The anxiety is also partly based on economic concerns – we just lost two quilt shops here in quick succession – A Common Thread and The Pine Needle are gone. In both cases the owners say it was just time to retire but I can’t help but think these tough economic times are also partly responsible. The news proclaims that the economy is booming and that might indeed be the case if you are a luxury car dealer, or a diamond merchant, or a or a travel agent… but the little folks are still really hurting, particularly quilt shops. I’m sorry to be blunt but Melania Trump and her ilk do not quilt. Among my students the most common professions are school teachers, nurses, secretaries/office workers and some working in the high tech industry. Many of them are retired and watching their pocketbooks as food, rent, gasoline, insurance, heating, water and health care costs skyrocket; this leaves very little to indulge in hobbies like quilting. It’s not like the old days when you had to make quilts to keep warm, quilting is now a choice not a necessity.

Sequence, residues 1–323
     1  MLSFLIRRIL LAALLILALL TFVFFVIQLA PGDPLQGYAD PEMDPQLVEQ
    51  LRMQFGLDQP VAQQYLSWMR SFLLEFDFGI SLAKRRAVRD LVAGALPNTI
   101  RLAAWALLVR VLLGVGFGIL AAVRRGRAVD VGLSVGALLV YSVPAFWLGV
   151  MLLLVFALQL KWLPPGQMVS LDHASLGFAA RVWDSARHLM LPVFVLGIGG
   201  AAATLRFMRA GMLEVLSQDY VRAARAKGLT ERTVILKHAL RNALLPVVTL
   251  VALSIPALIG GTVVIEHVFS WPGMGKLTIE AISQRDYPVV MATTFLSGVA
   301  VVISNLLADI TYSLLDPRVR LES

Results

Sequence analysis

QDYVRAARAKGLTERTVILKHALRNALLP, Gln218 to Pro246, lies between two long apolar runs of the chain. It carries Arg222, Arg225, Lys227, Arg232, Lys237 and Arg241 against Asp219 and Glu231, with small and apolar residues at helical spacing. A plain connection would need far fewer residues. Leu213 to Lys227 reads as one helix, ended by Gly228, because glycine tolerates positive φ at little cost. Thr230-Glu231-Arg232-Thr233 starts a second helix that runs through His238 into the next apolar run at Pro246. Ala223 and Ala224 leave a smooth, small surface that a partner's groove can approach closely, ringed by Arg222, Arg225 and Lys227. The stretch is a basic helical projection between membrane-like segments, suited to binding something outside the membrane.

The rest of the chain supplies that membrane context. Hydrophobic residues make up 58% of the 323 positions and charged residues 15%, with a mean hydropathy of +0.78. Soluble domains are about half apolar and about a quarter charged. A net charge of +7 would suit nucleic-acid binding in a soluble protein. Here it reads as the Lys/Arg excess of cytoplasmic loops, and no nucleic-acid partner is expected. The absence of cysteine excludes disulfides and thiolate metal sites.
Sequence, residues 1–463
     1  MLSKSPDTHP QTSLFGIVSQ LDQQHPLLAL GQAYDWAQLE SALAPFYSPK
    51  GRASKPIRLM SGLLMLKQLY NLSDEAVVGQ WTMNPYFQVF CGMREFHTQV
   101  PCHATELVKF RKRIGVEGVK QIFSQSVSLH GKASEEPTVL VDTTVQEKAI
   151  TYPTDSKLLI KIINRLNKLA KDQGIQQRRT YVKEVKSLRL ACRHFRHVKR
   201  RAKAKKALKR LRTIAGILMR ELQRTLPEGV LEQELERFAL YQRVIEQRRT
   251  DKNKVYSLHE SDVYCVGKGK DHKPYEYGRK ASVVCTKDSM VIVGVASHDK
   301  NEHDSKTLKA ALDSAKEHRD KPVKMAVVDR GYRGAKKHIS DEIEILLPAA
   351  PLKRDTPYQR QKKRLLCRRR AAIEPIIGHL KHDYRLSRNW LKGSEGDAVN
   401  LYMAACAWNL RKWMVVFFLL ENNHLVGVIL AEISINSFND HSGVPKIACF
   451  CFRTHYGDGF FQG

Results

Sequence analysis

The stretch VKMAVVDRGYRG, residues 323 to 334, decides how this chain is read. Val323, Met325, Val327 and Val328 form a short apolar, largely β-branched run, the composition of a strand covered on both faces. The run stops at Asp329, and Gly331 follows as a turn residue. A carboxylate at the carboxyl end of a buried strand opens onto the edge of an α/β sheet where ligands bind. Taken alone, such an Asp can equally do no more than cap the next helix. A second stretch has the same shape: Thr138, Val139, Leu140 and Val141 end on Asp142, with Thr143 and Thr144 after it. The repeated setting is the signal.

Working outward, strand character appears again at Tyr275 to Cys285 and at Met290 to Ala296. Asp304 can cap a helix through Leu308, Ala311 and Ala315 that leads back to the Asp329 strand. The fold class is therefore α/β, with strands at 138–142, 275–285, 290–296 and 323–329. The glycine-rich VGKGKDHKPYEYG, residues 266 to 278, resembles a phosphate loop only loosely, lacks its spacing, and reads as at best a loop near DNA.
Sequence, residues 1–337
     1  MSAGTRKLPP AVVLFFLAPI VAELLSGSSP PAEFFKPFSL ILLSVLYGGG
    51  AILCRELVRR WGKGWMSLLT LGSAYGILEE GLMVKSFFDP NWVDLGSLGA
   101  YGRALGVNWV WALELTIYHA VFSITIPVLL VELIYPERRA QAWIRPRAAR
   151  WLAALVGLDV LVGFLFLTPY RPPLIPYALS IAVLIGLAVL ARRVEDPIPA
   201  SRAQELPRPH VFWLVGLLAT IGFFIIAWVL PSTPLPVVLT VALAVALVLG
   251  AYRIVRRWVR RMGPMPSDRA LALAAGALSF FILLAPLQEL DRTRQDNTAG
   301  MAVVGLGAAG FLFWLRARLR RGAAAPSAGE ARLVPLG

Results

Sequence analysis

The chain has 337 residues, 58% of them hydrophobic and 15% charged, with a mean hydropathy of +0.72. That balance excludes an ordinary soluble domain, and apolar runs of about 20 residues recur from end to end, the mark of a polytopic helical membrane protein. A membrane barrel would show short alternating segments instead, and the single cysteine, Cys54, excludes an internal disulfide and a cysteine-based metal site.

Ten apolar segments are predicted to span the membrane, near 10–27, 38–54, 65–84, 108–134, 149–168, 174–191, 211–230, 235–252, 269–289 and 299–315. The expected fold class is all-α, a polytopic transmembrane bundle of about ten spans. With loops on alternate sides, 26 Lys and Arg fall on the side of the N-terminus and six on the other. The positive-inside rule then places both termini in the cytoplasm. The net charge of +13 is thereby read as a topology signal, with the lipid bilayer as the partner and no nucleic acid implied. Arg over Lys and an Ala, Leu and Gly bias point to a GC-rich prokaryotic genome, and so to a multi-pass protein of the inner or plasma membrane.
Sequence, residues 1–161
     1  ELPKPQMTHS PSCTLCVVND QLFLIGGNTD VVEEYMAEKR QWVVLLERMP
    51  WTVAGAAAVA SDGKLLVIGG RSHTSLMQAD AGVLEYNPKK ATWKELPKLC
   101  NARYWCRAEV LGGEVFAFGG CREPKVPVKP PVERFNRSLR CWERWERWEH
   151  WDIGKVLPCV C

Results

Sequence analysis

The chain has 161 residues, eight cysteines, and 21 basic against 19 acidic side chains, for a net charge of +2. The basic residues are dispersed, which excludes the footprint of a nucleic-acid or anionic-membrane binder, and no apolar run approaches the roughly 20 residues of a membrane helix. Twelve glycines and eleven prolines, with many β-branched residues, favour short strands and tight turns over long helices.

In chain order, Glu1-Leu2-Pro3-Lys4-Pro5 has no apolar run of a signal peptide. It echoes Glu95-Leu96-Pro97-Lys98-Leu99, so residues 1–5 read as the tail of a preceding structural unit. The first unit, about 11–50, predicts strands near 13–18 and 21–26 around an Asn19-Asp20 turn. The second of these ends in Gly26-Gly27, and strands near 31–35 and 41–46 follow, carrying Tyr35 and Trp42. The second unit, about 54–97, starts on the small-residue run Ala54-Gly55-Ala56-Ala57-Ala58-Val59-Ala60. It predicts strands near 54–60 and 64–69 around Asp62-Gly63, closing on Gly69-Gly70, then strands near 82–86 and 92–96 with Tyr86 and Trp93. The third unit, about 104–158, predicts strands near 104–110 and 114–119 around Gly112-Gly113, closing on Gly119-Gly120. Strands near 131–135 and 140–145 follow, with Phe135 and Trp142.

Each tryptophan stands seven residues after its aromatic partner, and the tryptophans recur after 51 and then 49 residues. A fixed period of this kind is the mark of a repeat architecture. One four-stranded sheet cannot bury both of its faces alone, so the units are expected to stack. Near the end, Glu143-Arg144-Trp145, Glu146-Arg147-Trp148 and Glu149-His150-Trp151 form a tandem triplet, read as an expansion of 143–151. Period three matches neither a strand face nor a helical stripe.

And so, the quilt shops struggle. Many people blame Amazon for stealing sales from small businesses and to an extent, that might be true though many small businesses are on board at Amazon as third party sellers so that purchase you make may actually be supporting a small business person somewhere. Your local quilt shops need you however. They need you and you need them if you want to be able to go in and peruse and touch the latest fabrics and get help with planning and picking materials and tools for your projects. Let’s face it – Amazon is not going help you lay out and compare fabrics, nor help you calculate how much yardage you need to buy for a border, or demonstrate how to use a particular tool, or even recommend one brand of fusible web over another. Amazon is also not going to give you a referral to a good local long-arm quilter to finish your quilt; for all these – you need a quilt shop.